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Google’s successful growth has been enabled by strong support from its many partner vendors. As the first Android handset maker, HTC long enjoyed top market share, steadily broadening its portfolio across protocols (including hot “4G” technologies like HSPA+ and WiMAX), global carriers, and retail price points, staying ahead of Android competitors Motorola and Samsung. Historically, Samsung’s smartphone share had been disproportionate to its successful position in the overall market, and we had long commented on the matter. However, starting in Q3 2010, Samsung became the world’s largest Android vendor. Samsung accomplished this by launching an all-out assault across the globe with its Galaxy S family of handsets. For example, in the fickle US market, where each carrier has demanding compliance and customization requirements, Samsung launched a Galaxy S phone with each major carrier. Samsung’s share of the global handset market has tripled since 2001, when it was already a third-ranked player. Given that historic show of determination, the vendor’s leap to first place in Android smartphones should not at all be surprising. Expect Samsung to expand this leadership position in 2011 and beyond, riding Android’s coattails to huge smartphone volumes. -Alex Spektor Samsung Overtakes HTC to Become World's Largest Android Vendor in Q3 2010 Global Smartphone OS Market Share by Region: Q3 2010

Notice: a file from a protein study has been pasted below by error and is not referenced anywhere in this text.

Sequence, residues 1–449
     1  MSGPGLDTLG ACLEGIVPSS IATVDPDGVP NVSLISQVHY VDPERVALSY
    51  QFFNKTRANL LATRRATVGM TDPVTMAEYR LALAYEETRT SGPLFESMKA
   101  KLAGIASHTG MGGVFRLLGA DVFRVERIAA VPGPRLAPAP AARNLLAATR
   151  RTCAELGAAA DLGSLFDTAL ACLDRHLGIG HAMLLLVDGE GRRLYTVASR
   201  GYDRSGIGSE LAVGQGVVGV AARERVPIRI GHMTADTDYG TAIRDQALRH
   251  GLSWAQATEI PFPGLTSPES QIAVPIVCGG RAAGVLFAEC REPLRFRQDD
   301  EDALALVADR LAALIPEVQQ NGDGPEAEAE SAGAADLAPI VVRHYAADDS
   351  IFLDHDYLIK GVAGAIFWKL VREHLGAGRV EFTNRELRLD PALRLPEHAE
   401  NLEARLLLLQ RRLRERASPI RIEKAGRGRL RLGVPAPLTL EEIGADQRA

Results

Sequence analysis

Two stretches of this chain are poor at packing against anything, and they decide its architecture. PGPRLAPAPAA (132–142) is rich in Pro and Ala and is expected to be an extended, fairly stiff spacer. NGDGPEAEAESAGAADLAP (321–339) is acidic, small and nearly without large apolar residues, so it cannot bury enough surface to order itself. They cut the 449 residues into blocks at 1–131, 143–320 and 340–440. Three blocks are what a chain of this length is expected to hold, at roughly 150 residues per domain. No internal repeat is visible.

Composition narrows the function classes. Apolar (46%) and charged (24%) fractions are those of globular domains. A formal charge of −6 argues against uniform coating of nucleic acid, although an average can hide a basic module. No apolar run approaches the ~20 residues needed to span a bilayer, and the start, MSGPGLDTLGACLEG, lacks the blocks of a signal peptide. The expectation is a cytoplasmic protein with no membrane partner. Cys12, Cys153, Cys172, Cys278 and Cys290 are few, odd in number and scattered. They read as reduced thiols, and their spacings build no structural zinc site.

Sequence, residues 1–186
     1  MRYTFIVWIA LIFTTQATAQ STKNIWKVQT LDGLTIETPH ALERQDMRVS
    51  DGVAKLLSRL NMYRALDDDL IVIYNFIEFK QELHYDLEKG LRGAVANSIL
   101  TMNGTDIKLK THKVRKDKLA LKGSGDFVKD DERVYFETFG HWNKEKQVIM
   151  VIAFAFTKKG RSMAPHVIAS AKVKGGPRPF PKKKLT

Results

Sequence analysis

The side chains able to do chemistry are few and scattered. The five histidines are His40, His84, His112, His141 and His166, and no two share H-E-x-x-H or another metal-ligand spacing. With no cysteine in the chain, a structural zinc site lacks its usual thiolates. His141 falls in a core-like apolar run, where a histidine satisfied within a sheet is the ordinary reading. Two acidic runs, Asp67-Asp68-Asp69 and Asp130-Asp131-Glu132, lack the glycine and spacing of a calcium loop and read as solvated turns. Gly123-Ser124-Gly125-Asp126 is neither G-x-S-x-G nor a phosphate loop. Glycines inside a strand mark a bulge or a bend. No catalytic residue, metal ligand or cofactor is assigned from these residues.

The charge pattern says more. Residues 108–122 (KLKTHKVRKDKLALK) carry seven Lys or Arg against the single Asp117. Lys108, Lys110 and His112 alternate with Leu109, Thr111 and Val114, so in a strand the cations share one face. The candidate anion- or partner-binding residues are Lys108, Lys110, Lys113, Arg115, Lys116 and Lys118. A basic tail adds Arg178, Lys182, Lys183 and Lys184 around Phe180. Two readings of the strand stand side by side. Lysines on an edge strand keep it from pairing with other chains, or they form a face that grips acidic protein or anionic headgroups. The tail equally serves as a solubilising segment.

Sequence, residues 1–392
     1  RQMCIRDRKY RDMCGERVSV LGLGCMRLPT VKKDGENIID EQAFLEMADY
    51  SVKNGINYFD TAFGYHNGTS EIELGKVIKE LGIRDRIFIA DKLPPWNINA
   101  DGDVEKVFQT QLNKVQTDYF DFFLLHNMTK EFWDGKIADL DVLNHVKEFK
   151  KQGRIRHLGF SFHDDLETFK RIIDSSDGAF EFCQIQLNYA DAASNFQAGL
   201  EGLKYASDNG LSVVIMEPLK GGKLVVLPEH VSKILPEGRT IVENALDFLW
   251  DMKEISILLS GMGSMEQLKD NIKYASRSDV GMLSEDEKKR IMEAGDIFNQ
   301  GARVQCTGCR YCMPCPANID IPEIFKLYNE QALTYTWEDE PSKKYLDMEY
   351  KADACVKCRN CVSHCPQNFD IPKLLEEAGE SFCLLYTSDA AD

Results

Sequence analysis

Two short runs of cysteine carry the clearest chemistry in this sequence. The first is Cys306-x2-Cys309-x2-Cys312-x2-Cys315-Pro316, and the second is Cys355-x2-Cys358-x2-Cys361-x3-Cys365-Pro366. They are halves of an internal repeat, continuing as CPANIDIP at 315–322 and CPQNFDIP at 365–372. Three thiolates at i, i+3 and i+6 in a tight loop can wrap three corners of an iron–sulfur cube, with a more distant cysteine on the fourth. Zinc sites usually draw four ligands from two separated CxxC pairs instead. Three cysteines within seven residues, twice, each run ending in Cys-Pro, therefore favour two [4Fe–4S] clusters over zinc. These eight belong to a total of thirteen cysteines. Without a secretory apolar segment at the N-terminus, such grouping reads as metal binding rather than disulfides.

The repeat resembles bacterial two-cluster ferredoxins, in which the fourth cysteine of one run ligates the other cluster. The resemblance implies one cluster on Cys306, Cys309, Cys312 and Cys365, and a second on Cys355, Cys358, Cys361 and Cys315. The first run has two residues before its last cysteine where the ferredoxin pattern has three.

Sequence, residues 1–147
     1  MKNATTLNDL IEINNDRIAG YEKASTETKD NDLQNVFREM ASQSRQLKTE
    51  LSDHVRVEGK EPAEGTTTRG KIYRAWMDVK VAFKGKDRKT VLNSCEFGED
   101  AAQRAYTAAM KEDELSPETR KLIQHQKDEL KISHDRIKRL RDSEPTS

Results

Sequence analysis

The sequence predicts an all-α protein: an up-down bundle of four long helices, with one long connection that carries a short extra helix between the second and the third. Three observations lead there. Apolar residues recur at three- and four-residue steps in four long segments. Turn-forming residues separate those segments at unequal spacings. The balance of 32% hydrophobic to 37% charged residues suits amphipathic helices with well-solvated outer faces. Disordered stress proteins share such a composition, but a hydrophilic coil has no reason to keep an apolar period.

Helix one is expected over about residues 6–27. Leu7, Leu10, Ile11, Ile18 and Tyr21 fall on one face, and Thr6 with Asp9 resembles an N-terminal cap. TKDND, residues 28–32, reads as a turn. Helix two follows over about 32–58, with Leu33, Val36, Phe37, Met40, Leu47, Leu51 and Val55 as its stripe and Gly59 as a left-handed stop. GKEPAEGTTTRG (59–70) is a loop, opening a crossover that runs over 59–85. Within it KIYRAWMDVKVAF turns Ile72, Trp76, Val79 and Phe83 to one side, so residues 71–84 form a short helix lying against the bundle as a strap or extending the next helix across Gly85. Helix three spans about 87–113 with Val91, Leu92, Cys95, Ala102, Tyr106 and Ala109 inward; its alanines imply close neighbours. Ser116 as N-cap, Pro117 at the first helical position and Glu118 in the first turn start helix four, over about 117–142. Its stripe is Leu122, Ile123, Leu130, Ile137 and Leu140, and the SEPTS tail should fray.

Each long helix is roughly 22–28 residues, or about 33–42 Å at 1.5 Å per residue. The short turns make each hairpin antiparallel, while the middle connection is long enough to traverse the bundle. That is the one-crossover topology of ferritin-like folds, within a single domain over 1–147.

April 12, 2010 15:04 Neil Shah
Verizon Wireless in the US is pressing hard to get its hands on the Apple iPhone. Its CEO, Ivan Seidenberg, has reportedly told Apple that it wants to stock the iPhone sooner rather than later. Why would Verizon Wireless want the iPhone? Well, it would surely love to break AT&T’s exclusive for the iconic device. Verizon would be keen to solidify its data ARPU and improve the company’s churn outlook by stocking the popular iPhone. And with next-gen models like the HTC EVO 4G WiMAX starting to appear at Sprint, Verizon needs to remain at the cutting-edge of data-centric handsets and services. If (if) Verizon Wireless were to stock the iPhone in 2010 to 2012, should it be optimized for CDMA or LTE connectivity? Of course, timing is king. Should a Verizon iPhone be launched in the second half of 2010, then it would definitely be a CDMA-only version, because Verizon’s LTE network will not be fully commercialized. How about an LTE version in mid-2011? Well, our Wireless Device Strategies (WDS) service forecasts LTE handsets will make up just 1% of total shipments in the United States next year. Launching an LTE iPhone in 2011 would be a huge marketing coup for Verizon, but it would be entering a niche immature market, so we think this approach is too high a risk for Apple -- as a historical benchmark, Apple’s first WCDMA iPhone in 2008 did not launch until WCDMA volumes were approaching some 10% of the nationwide total. Therefore, we believe a launch-date of 2012 or even 2013, when LTE will be more established, is a more realistic option for a Verizon Apple LTE iPhone. If an iPhone arrives at Verizon before those dates, then it will almost certainly be a CDMA-only version. - Neil Shah